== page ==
In 2018 I turned 50 years old. To some the age is a mile marker met with some dread and apprehension. I saw it as an accomplishment. But there was also a certain amount of reflection, which is probably normal. There is an endless list of clichés about getting older, especially reaching 50. 

During the season of reflection I found myself regretting some decisions in my life. I reflected on missed chances, roads not taken, on what might have been if different choices were made. An uncle once passed on to me an important insight to getting older and making decisions. 

“Make your choices and live with them. It will make you crazy if you think about ‘What if ...,’”  he said. After a life lived, the words don’t sound earth-shattering, but when I was in my 20s, I thought they were gold. The advice has served me well through the years, especially when I was at a crossroads.  

As I’ve gotten older, one of my regrets has been not joining the military out of high school. There are a lot of reasons why I didn’t. In hindsight none are very good. I simply didn’t, and I have a certain amount of remorse. Some of my relatives are veterans, an uncle is a Purple Heart recipient, but we are not a military family.  

Lately my wife and I have been watching the Ken Burns Series on the Vietnam War. I read about the series when it came out but had been avoiding watching it. I wasn’t sure why, but I had a disquieting feeling about viewing the show. I know about the war, have read books and talked with some who were there. But something kept gnawing at me about this particular series. 

One night as we were watching an installment, a feeling of self-awareness came over me. I’ve always respected those who serve in the military. I hold their sacrifice, and the sacrifices of their families, in deep reverence, and they deserve the utmost respect. But as the screen showed young men, their faces etched with fear and dread, fighting every day for survival, I felt wholly inadequate and almost ashamed. The stares of those men seemed to look at me through the screen and the years to ask, “What is your excuse?”

Obviously the Vietnam War is not the war I was going to have to make a decision about. By the time I turned 18, the draft was over, and our country was at peace. But every day men and women (some might say boys and girls) make a decision to serve our country. 

Around Veterans Day and Memorial Day, we correctly focus on sacrifice, military service and honoring those who serve. But do we take the time to listen and fully understand the weight of those words? Do we truly appreciate the burden of the decision those individuals have made and are making? If we don’t, the more important question is why?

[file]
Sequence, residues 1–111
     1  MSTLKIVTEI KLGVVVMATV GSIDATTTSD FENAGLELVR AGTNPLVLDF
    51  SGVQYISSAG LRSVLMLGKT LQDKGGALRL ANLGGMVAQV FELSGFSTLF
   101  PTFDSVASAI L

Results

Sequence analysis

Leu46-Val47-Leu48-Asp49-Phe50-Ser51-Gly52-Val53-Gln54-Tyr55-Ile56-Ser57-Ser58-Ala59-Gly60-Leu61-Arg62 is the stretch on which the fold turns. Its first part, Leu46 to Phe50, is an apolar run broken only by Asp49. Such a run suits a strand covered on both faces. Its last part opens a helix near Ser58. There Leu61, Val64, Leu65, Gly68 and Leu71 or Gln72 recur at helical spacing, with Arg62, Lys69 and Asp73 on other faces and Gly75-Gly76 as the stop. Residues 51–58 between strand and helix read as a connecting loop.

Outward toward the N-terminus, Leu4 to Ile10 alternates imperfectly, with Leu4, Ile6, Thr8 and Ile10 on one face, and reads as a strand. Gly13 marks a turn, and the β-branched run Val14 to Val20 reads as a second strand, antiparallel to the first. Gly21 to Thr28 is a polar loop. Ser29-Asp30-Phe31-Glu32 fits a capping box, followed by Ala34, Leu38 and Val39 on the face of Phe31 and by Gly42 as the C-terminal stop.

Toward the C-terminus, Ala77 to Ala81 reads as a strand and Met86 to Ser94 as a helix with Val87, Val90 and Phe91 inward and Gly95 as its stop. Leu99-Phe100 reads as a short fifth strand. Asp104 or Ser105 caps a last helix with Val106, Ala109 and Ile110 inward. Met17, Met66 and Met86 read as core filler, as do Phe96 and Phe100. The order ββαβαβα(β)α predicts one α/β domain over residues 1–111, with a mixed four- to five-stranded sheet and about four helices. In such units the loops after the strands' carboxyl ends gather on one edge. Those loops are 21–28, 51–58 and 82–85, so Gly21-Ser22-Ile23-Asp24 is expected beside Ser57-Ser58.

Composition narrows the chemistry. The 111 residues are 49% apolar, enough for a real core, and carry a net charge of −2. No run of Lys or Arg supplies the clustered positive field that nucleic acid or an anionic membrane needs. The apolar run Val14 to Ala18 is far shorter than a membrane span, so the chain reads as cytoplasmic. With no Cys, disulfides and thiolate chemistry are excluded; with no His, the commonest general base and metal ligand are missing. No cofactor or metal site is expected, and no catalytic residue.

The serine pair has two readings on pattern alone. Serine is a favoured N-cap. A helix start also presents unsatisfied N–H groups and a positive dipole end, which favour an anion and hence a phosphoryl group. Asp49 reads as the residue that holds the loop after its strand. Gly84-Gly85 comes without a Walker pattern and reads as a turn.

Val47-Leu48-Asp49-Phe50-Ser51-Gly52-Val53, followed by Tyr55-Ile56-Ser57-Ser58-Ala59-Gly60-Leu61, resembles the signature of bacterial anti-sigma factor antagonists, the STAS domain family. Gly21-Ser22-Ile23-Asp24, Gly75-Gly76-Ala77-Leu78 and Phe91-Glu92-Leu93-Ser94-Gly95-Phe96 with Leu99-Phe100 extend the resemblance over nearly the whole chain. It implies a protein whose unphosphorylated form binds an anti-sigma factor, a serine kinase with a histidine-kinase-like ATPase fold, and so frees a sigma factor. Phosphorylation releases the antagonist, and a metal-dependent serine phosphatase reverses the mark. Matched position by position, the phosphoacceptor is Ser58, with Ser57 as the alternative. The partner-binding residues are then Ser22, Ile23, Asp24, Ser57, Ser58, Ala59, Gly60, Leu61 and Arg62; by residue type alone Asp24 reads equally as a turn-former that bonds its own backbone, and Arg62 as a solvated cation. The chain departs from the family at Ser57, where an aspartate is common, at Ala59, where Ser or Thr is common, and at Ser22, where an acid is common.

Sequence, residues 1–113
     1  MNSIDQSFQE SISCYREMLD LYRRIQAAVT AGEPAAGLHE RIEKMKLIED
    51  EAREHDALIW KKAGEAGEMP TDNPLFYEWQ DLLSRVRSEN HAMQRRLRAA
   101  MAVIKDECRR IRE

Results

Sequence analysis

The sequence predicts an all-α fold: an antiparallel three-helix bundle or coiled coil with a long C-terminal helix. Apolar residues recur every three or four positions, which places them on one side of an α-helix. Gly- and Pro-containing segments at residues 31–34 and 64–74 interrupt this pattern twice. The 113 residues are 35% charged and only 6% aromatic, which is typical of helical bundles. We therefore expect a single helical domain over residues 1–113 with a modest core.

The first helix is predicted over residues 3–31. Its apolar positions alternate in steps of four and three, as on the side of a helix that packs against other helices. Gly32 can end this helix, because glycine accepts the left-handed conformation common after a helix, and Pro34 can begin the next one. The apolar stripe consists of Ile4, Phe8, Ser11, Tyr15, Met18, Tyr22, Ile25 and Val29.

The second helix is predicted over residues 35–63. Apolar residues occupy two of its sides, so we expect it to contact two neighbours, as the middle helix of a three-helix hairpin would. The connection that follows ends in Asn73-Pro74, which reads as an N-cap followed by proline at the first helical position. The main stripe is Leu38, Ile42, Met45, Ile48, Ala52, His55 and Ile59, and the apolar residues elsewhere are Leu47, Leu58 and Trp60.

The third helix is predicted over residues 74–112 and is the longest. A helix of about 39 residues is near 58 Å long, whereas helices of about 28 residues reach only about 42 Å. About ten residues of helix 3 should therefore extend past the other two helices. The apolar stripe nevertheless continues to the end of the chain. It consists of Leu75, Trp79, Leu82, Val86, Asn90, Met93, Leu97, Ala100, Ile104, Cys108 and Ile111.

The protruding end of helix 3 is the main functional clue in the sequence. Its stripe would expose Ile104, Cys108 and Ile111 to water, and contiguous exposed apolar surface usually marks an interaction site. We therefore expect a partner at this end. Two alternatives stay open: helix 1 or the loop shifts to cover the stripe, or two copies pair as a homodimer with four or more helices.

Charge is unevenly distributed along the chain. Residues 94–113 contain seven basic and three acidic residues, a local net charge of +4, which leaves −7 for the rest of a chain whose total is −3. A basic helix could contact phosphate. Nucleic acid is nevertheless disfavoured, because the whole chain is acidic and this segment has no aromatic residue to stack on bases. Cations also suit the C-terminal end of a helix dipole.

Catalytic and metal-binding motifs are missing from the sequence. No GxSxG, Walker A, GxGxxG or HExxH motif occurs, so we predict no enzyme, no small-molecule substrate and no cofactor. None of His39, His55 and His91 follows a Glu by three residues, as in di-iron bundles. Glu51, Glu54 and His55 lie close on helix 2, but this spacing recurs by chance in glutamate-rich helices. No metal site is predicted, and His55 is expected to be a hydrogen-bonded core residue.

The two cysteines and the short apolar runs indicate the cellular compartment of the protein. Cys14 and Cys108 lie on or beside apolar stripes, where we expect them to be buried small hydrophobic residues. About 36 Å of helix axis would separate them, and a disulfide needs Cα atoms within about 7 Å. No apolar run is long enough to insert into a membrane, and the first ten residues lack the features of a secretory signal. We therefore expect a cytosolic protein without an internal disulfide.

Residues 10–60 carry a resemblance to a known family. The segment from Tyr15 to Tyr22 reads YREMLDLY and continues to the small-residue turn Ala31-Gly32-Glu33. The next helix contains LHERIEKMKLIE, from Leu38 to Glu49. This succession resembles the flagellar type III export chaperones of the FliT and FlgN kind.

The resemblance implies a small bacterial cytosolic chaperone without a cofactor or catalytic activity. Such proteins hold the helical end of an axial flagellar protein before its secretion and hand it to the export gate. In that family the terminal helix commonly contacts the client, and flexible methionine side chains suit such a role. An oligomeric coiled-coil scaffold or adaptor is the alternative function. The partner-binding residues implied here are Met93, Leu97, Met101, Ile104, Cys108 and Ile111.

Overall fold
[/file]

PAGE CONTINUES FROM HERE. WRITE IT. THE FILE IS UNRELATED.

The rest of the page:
Every year Winfield Rotary Club puts out flags in the community on five appointed days. For a contribution, Winfield residents can have a flag put in their yard on Memorial Day, Flag Day, July 4, Labor Day and Veterans Day. We put them up before sunrise and take them down before sunset. Currently there are about 50 flags on about 10 routes, so it is a considerable task. But never once does anyone complain. 

I jumped at the chance to put the flags up when I first became a Rotarian several years ago. One of the great aspects of living in a small town is the respect still given to the flag. When the flag goes up or passes by, the men still take off their hats and we all get quiet and still. 

In 2019 it seemed there was some residual effects of my season of reflection in 2018. Or maybe it was the Ken Burns series affecting me, but this year when I put up the flags or took them down, there seemed to be a deeper meaning. The task seemed more somber, more reverent.

This past Veterans Day was vicious in Winfield. The wind was brutal, and the temperatures dropped with the wind chills. But the Winfield Rotary Club never missed a beat, and we took care of the flags. 

As the holidays approach, I think about the Ken Burns series and military service. I think about the men who served and died in that war, names I will never know. But there are also the ones I do know and those who served other places. There’s my Uncle Rick, who has a Purple Heart and a scar to remind him of 1967. My father-in-law Kenneth also served there. Several uncles, who have passed, also served in far off wars. Uncle Dean served as a medic in Korea. Uncle Jack marched across Europe with General Patton, and his brother Ray worked on airplanes in England. 

I’m not equating a Rotary flag project with military service. But each time those flags go up and come down, I take a moment to reflect on the cost for the privilege to do it. My name will never be on a wall, but I do hope someone somewhere hears me when I handle that flag and whispers “Thank you.” 



Bradley Gamber

President, Winfield Rotary Club 


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